The Global Social Media Impact Study based at the UCL Department of Anthropology (London, UK) is dedicated to understanding the implications of social networking sites for global humankind and society, and explaining their significance for the future of the social sciences.
Nine simultaneous ethnographies take place in eight different countries around the world – Brazil, Chile, China (North), China (South), India, Italy, Trinidad, Turkey and United Kingdom – in order to grasp the implications of social networking sites and social media for mankind.
The main focus of the research is on the insights that a study of social media might bring to social science more generally. Other key topics are parent-child relationships, separation in families, transnational separation, privacy and politics, welfare issues (incl. low income populations and issues of the digital divide), the elderly, the role of SNS in memorialisation and the assessment of new social media relative to everything else that a person, or indeed a society, does.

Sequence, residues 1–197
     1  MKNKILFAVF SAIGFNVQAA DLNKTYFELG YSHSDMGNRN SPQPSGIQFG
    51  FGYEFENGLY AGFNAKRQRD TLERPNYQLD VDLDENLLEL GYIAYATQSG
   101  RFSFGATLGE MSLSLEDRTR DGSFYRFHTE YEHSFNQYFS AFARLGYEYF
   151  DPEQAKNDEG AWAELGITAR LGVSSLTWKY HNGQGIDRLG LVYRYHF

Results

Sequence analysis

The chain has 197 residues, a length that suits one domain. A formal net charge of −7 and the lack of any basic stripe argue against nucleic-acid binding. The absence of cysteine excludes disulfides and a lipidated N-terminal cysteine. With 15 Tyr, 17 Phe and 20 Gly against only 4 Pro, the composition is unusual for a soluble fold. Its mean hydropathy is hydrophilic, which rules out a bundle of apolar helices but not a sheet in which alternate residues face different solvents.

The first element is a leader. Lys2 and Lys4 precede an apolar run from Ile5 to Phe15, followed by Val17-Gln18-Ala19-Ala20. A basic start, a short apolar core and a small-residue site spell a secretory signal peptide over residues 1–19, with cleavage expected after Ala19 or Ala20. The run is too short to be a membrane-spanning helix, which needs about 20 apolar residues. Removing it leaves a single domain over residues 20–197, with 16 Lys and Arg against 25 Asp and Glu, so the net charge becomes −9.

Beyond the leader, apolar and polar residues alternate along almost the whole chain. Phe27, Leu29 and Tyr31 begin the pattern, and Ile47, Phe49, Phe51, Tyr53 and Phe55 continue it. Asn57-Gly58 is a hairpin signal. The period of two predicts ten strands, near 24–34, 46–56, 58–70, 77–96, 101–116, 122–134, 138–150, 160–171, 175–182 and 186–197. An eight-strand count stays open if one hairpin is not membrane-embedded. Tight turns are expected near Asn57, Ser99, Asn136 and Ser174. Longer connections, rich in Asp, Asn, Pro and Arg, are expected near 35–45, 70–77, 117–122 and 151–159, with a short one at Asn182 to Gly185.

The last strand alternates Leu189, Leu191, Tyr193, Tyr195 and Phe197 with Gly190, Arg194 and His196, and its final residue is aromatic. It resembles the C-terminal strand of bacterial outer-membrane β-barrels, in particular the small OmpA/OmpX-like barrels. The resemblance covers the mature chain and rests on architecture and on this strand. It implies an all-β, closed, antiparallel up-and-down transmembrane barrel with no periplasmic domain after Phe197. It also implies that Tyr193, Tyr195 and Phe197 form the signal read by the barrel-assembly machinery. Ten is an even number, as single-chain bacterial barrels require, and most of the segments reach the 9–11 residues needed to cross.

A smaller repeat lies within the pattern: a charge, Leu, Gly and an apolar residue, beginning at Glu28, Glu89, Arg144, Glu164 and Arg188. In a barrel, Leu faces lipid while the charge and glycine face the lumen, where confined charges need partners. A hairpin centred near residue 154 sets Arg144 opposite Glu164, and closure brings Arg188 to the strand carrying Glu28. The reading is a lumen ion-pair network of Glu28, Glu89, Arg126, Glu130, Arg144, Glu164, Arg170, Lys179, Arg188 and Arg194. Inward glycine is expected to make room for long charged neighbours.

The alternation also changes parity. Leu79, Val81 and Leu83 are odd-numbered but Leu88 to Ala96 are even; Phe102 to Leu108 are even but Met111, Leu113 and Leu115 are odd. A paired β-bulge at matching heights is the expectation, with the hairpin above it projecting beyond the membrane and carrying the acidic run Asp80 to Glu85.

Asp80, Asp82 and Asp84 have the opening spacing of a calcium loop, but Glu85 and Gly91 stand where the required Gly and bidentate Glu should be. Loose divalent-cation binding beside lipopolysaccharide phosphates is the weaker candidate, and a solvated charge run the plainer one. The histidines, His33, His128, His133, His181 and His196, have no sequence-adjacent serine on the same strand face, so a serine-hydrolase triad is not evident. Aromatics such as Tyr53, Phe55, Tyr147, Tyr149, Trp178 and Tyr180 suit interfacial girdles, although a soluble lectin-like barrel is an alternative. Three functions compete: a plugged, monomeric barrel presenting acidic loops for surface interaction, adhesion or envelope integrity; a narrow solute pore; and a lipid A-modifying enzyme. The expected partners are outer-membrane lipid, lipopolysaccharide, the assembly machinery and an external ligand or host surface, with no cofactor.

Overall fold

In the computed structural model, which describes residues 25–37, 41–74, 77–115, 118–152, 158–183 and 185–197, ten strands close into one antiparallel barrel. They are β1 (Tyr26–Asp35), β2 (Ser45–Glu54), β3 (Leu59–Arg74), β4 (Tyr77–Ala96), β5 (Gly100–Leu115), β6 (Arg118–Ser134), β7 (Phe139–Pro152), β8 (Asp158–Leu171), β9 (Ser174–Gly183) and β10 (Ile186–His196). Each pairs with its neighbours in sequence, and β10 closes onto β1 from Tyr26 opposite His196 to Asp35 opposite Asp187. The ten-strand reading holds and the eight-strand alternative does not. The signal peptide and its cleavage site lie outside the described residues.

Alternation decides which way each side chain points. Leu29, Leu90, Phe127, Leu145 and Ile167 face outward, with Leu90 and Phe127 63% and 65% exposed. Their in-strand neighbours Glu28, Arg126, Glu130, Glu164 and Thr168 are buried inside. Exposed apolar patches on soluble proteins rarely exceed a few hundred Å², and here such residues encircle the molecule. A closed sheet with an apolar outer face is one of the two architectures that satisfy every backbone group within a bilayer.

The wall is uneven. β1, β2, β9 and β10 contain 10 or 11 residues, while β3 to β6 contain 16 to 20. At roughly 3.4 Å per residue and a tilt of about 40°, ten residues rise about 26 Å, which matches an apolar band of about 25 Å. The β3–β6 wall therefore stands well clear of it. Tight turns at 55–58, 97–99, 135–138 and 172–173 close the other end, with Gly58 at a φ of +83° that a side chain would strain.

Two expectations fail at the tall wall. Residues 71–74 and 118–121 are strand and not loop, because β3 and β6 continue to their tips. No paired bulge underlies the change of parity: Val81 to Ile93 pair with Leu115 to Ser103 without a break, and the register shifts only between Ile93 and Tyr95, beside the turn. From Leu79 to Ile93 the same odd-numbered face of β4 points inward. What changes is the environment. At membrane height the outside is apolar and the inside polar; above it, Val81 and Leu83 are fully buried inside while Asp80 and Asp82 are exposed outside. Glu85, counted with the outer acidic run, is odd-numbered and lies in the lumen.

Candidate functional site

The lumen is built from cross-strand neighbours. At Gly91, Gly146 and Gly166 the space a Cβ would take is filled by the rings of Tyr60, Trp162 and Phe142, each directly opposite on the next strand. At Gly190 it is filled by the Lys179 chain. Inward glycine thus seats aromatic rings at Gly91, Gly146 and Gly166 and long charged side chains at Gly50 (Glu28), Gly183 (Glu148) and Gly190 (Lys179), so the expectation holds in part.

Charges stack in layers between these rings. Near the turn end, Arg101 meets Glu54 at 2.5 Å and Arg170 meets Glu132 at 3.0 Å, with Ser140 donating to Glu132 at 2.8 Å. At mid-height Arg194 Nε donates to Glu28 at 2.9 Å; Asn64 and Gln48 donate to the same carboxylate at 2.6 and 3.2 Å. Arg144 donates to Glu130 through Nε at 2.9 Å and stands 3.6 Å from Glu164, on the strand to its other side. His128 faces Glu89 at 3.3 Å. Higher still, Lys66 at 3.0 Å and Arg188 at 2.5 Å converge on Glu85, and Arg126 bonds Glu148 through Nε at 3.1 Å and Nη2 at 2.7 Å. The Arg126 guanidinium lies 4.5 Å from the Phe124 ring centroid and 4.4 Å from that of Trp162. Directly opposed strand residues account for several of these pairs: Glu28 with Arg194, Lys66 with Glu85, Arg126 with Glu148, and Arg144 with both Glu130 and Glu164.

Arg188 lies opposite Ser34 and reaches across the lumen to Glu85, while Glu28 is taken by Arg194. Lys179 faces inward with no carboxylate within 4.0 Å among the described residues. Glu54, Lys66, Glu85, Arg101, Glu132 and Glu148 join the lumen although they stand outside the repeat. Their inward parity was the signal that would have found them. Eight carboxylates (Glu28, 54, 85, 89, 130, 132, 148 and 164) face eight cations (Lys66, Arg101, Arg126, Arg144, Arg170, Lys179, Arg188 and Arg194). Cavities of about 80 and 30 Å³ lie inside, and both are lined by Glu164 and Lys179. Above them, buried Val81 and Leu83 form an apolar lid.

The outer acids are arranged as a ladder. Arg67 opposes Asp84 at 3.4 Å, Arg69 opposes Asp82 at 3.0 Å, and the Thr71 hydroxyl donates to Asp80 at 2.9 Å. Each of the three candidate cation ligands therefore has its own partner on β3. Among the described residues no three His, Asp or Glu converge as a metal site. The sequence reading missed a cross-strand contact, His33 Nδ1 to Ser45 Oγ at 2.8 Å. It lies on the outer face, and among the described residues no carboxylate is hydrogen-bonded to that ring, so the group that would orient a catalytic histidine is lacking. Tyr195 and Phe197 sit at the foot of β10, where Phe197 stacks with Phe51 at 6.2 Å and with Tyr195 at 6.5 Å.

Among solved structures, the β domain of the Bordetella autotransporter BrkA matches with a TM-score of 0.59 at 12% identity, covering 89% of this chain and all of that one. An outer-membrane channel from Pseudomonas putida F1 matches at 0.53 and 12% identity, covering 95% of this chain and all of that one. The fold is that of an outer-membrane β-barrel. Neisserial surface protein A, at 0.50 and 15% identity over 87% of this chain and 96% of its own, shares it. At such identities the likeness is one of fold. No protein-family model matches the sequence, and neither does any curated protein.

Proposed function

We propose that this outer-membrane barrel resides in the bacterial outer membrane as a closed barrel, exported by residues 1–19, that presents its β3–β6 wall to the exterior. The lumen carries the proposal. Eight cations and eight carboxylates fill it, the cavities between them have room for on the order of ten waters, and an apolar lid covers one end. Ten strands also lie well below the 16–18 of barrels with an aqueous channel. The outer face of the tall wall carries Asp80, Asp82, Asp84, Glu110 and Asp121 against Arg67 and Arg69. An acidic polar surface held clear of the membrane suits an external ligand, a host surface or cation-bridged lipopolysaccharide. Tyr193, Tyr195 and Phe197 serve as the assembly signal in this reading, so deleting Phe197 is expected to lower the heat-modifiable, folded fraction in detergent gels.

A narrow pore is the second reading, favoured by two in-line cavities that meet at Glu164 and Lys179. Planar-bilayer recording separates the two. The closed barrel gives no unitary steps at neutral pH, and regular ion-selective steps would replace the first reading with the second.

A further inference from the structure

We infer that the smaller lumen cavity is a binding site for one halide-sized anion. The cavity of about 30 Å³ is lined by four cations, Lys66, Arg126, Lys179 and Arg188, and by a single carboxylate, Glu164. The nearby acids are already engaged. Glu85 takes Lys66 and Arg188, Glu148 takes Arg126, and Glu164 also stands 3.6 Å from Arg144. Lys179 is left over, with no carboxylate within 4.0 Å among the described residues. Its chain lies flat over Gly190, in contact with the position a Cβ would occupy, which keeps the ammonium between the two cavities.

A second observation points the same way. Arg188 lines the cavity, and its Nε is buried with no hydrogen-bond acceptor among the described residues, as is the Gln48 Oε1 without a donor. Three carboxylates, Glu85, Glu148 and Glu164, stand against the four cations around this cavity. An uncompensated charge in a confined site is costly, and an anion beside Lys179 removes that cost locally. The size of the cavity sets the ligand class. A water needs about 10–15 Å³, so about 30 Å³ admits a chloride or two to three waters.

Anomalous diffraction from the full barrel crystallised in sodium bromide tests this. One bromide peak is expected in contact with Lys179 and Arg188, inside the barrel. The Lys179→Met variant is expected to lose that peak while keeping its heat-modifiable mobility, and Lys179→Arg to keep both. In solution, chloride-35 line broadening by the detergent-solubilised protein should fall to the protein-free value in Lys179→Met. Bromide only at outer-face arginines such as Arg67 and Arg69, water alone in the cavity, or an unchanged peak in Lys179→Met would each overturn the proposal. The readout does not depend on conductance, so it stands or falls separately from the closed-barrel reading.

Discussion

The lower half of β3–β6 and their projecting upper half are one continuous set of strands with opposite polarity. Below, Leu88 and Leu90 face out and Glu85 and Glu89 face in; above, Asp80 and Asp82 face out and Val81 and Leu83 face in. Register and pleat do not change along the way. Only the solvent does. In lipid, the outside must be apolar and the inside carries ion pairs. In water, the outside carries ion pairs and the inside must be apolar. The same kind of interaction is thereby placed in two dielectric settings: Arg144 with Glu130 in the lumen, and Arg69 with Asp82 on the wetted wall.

The study brings together a team of leading anthropological researchers from around the world, supported by experts in social media and dissemination. They include Daniel Miller (Principal Investigator), Elisabetta Costa, Jolynna Sinanan, Juliano Spyer, Nell Haynes, Razvan Nicolescu, Shriram Venkatraman, Tom McDonald, and Xinyuan Wang.
The project blog contains draft chapters.